A new investigation into one of Australia’s worst mass murders, the Whiskey Au Go Go arson attack, will not hear from one of the convicted firebombers after it was revealed he has died.
Fifteen people were killed in the early hours of March 8, 1973, after the popular nightclub in Brisbane’s Fortitude Valley was firebombed.
John Stuart and James Finch were charged over the deadly attack and were eventually convicted of the murder of one of the victims, and sentenced to life in prison with hard labour.
Stuart died in Brisbane’s Boggo Road jail in 1979, while Finch was paroled in 1988 and deported to the UK.
Finch was supposed to be called to give evidence at a newly reopened inquest into the fatal attack, but counsel assisting the coroner told a preliminary conference in Brisbane today that Finch died in England over the past few months.
In 2017, then Queensland attorney-general Yvette D’Ath asked the state coroner to reopen the inquest after two other men were convicted of a cold case triple murder believed to be linked to the arson attack.
Vincent O’Dempsey and Garry Dubois were sentenced to life in jail for the deaths of Brisbane mother Barbara McCulkin and her two daughters, Vicki and Leanne, in 1974.
In sentencing O’Dempsey and Dubois, Justice Peter Applegarth said it was clear Ms McCulkin had been targeted by the men because she knew too much about their alleged involvement in the 1973 crime and they wanted to silence her.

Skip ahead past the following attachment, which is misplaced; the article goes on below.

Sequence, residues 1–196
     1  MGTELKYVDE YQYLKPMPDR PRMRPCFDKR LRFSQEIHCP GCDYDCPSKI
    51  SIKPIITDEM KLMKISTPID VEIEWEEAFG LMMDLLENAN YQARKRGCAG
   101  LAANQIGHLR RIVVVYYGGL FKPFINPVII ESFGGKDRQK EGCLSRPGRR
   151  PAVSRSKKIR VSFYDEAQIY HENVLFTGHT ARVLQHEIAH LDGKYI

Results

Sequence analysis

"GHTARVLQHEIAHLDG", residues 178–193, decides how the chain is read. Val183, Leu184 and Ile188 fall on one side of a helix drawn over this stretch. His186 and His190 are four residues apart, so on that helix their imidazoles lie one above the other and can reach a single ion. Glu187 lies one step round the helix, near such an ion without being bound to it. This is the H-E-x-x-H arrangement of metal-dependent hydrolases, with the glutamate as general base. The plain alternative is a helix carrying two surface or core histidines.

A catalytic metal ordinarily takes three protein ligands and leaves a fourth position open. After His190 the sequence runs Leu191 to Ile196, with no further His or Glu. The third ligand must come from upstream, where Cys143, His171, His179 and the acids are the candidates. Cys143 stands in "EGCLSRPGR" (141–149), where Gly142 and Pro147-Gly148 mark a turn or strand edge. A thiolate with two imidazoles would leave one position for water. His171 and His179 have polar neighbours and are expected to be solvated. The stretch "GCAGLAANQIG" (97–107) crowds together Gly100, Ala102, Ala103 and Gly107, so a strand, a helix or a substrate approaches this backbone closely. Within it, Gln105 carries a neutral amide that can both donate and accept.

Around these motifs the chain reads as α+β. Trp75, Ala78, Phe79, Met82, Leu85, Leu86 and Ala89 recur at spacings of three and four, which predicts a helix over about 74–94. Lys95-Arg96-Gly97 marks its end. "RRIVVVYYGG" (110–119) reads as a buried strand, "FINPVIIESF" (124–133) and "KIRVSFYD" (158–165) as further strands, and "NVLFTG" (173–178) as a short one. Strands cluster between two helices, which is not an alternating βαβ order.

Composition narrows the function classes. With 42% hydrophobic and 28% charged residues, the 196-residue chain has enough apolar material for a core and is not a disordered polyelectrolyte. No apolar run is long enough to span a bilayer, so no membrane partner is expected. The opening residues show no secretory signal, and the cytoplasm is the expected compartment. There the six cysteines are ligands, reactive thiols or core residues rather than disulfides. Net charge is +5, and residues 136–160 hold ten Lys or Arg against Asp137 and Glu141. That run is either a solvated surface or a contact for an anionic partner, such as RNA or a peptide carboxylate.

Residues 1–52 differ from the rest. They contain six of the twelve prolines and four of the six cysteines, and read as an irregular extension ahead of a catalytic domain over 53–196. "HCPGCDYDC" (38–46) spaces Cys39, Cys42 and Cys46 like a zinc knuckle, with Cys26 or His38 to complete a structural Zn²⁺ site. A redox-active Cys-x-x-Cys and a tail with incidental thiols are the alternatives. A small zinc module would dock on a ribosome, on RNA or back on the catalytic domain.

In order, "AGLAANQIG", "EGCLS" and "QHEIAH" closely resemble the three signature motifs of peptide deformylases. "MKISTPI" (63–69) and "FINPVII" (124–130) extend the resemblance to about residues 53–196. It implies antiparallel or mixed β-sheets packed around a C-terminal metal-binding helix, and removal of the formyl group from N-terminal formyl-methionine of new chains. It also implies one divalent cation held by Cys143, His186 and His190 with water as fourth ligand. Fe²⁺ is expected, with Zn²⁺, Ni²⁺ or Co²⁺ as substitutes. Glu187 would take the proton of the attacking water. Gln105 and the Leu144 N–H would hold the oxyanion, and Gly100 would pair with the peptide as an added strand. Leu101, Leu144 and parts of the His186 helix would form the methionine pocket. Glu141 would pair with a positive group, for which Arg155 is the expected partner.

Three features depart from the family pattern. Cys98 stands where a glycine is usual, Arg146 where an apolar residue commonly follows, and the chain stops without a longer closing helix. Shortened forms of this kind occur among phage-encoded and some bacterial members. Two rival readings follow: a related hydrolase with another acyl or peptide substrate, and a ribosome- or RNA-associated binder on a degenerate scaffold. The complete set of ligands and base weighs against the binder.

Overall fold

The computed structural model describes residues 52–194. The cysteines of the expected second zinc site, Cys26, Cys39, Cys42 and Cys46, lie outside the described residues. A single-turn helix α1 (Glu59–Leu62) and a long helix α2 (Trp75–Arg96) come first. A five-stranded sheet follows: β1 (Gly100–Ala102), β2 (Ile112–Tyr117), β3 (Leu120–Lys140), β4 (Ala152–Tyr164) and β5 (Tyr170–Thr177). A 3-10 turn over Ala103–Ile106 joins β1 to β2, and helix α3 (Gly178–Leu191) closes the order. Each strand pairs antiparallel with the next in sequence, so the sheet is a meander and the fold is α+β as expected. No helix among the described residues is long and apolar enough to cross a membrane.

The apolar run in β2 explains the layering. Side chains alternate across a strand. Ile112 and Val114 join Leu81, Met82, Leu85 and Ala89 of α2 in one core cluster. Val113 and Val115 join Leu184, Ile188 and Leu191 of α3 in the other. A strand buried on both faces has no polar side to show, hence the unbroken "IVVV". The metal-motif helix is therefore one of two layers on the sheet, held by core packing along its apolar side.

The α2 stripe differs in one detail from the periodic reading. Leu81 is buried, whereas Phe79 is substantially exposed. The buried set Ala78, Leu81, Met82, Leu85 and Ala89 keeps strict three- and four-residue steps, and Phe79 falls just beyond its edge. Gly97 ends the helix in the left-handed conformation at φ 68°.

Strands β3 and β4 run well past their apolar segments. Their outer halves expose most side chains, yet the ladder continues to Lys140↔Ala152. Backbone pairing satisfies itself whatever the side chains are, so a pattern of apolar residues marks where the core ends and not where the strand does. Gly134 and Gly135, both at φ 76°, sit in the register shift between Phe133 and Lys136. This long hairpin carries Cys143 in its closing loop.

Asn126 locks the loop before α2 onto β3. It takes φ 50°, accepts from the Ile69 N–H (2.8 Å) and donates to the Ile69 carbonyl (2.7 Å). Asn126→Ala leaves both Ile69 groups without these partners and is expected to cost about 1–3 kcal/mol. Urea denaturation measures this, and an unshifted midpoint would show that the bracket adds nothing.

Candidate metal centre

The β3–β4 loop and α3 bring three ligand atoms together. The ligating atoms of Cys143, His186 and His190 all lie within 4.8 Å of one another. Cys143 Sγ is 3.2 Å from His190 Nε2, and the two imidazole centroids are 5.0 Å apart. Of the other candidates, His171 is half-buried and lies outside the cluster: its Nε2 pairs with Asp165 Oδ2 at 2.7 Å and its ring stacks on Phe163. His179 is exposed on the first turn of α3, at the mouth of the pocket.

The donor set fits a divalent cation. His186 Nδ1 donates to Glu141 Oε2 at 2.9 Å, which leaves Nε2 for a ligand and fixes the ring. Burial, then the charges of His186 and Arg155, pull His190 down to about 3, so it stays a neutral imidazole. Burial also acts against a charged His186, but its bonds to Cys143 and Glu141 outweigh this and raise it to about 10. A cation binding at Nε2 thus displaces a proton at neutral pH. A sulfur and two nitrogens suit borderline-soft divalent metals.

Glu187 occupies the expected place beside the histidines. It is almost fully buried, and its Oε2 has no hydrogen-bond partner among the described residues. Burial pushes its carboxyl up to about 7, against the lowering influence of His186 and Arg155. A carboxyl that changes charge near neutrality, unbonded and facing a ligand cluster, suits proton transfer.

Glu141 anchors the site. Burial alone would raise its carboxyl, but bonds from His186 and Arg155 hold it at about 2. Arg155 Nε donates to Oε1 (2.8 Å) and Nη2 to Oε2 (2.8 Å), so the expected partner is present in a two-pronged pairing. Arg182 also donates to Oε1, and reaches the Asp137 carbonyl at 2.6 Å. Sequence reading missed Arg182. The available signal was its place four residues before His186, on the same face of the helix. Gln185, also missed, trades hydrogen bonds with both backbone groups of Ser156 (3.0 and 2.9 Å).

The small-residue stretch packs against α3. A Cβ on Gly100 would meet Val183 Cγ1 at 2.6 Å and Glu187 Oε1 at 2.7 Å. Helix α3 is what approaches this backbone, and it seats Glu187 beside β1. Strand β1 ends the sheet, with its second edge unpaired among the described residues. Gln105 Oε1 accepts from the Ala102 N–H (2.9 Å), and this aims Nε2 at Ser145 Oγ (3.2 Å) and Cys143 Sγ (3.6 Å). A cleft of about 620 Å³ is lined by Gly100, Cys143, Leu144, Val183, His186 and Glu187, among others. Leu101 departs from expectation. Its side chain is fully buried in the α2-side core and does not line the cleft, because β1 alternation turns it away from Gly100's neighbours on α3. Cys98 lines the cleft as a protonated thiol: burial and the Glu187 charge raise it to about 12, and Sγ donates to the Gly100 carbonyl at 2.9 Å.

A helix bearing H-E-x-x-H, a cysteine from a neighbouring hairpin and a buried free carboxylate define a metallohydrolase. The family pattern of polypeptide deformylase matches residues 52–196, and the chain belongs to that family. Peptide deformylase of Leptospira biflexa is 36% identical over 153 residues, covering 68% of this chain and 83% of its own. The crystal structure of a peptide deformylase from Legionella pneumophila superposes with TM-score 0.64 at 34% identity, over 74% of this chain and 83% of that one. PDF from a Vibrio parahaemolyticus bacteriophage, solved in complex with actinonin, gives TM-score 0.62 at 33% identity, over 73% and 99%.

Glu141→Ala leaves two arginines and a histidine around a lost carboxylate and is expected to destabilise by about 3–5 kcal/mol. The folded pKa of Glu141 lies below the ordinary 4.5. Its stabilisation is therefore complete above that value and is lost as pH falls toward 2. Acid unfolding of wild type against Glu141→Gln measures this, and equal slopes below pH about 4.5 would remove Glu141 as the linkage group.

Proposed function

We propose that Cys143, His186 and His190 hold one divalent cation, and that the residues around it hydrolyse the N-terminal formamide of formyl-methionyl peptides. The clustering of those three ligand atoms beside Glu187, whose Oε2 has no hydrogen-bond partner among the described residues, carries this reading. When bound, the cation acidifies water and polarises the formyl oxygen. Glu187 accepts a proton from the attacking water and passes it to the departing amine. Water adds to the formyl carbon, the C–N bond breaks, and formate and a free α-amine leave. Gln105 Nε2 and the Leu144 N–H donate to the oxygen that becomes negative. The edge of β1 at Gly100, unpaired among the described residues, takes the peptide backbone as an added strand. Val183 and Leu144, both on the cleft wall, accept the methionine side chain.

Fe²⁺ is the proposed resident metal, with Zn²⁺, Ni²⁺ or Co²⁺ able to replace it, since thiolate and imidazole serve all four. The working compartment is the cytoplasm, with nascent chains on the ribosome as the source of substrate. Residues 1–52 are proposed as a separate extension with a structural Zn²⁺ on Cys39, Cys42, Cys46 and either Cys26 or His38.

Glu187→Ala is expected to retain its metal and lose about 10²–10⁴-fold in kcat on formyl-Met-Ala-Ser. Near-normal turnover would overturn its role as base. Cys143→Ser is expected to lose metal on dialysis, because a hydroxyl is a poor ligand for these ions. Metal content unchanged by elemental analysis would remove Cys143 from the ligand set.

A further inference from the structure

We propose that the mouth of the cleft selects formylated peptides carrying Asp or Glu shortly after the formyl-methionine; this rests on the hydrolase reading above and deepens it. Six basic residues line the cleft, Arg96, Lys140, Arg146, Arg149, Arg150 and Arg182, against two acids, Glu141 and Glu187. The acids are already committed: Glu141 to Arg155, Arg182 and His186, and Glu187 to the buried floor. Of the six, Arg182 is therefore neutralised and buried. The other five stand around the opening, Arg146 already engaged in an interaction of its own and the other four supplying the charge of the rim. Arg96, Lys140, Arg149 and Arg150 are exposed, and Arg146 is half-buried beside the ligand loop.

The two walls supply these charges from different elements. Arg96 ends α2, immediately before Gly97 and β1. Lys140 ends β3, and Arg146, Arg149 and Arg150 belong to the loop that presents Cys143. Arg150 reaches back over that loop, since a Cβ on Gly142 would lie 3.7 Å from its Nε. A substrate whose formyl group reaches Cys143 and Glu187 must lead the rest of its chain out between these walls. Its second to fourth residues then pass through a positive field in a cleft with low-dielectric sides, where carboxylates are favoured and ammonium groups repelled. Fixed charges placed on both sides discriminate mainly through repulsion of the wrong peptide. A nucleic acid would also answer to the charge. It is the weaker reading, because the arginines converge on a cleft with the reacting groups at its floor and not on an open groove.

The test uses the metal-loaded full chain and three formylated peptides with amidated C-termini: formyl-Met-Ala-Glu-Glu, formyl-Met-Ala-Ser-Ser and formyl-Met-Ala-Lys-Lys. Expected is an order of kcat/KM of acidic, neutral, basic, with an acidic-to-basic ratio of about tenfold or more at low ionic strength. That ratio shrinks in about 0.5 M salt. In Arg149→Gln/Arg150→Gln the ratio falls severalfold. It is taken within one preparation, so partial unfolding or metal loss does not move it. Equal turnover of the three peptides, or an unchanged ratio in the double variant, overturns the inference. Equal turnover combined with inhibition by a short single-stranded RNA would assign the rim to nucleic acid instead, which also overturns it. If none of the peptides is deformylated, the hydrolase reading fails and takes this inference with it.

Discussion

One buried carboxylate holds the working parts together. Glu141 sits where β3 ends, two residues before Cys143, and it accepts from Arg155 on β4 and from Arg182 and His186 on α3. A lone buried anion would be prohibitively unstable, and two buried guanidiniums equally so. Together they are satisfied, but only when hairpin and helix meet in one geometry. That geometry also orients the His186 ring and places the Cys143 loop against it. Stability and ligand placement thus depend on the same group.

It has long been suggested other people might have been involved, and the fresh probe will look at who might have also played a role.
The inquest will also aim to determine the adequacy of the investigations carried out at the time and in the subsequent years since the attack.
More than a dozen witnesses are expected to be called to give evidence in the 10-day hearing set down for June, including O’Dempsey and Dubois.
Outside court Donna Phillips, a waitress at the nightclub who survived the 1973 attack, said the inquest had been “a long time coming” and she was ready to move forward.
“I’ve struggled psychologically to be able to do so,” she said.
“A lot of good people have had devastation in their lives from it.”
Ms Phillips said it was disappointing Finch would not be giving evidence, but she was “confident the true story will come forward”.
“The tragedy is not being able to hear from him directly of the stories he would have known until his last breath, that’s the sad thing,” she said.
“The list of those culpable is getting shorter, so thank heavens the inquest is happening now.”
Sonya Carroll, the daughter of Desmae Carroll who died in the blaze aged 29, said she wanted the “truth to come out”.
“We want closure, we deserve closure, and so does everyone else who is involved in this,” she said.
Ms Carroll said the long wait for another inquest had taken its toll on her family.
“This has been dragging out … it’s been a long journey,” she said.
Desmae’s son Kim Carroll said they wanted answers.
“We only know what we were told by our father when we were little kids,” he said.
“We just want to find out exactly what happened to our mother.”
Mr Carroll said it did not mean anything to him that Finch was no longer a witness and he hoped the inquest would still provide closure.
“You couldn’t trust a word [Finch] said anyway, if he did try and give evidence we wouldn’t believe him,” he said.
“Hopefully this is the beginning of the end.”
Other witnesses include journalists, police officers, survivors of the blaze and family members of the victims.